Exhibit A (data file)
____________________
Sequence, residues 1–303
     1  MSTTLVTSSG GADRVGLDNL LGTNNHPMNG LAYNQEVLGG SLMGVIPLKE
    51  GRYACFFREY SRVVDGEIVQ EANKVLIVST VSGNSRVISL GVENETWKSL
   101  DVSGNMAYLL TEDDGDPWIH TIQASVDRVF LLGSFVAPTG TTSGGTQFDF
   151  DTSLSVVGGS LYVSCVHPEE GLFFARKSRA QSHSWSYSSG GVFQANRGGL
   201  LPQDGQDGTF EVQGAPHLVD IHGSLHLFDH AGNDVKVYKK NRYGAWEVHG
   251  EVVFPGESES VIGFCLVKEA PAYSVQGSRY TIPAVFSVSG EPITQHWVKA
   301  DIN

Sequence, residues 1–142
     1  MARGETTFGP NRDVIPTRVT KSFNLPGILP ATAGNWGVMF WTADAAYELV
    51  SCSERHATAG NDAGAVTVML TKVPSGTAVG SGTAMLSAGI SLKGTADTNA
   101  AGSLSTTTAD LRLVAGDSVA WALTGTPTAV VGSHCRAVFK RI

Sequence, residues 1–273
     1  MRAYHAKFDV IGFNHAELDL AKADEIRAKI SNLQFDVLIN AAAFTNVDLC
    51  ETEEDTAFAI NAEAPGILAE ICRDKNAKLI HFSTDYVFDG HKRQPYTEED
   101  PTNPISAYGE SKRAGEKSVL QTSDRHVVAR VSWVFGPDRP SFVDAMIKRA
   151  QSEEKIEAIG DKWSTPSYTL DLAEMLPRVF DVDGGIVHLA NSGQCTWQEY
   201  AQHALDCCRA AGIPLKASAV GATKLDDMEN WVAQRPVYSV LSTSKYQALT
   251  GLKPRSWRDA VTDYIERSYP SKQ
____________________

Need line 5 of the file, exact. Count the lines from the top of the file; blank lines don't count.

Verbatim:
   151  DTSLSVVGGS LYVSCVHPEE GLFFARKSRA QSHSWSYSSG GVFQANRGGL